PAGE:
Though I’ve been asked to introduce Jive, Twist and Stomp because I’m the oldest at Fremantle Press, I was still far too young to get anywhere near the Snake Pit in Scarborough in the fifties. But I knew ‘all about it’ from the elder siblings of friends – it was dangerous to go there and full of bodgies and widgies drinking beer out of bottles and dancing to rock ’n roll music (itself considered unacceptable by my parents, who never moved the only radio in our house from the ABC). One big brother gloried in a reputation for walking up to girls and asking do you do it? (they might have; I doubt that he did until some years later) but he had a great collection of records, so I learned about rock and roll from Bill Haley records at his house and thought Connie Francis was a rocker! So my memories of the Snake Pit are really fantasies.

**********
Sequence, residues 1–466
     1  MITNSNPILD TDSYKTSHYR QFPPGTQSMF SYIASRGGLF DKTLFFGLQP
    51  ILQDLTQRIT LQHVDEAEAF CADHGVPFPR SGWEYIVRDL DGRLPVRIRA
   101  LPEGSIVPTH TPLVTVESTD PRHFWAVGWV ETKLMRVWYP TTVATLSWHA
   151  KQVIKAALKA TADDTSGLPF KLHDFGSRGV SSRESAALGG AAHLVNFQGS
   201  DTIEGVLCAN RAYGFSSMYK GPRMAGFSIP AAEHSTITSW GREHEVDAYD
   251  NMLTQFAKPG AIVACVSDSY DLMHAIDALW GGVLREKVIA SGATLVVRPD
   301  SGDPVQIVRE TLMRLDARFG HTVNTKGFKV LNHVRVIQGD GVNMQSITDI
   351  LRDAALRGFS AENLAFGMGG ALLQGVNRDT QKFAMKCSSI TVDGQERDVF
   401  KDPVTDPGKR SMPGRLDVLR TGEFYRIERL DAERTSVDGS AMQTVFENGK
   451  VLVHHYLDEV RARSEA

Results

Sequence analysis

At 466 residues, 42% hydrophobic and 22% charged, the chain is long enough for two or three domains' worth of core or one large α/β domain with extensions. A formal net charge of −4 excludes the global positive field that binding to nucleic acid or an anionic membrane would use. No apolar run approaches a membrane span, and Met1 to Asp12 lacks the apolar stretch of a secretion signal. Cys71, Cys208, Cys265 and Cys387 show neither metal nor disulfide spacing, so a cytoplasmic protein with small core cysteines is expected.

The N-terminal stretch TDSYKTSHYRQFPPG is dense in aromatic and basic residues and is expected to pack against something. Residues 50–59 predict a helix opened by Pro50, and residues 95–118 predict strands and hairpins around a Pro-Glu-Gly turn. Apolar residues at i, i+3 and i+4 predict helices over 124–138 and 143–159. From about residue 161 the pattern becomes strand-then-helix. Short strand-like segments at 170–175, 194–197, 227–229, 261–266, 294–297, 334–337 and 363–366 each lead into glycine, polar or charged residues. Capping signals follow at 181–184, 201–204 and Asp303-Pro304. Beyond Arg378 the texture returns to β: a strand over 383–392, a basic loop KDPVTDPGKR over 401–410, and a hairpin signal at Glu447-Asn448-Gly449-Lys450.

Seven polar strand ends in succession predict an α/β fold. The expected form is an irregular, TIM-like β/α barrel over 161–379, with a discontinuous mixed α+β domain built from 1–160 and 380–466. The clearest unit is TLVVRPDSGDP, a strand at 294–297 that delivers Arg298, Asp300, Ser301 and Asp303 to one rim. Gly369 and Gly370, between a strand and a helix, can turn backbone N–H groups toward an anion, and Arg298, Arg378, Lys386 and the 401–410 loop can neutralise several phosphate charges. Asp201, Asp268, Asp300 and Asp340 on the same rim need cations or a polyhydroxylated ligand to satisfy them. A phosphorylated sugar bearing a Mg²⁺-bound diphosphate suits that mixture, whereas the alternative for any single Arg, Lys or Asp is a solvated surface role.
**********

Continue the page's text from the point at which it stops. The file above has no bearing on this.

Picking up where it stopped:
But then came surfing music and beach stomps and weekend sessions at the Raffles at Canning Bridge where the house band The Troubadors won a huge following. Their popularity won them the introductory spot on the Perth leg of Harry M. Miller’s double-header tour of Roy Orbison and The Rolling Stones in February 1965, followed on stage by Johnny (Young) and the Strangers, who appeared as part of their first prize in Perth’s Battle of the Bands competition in the Supreme Court Gardens a few weeks earlier.
There was plenty going on in Perth in the 50s and 60s. And seeing an advance copy of a new book, Jive Twist and Stomp has prompted a lot of memories of the music scene from those years. Keep an eye on this page over the next few weeks as we celebrate the State’s music scene of that era – and get yourself a copy of the book when it lands in bookstores at the end of this month.
Jive, Twist and Stomp (December 2010) is available from Fremantle Press.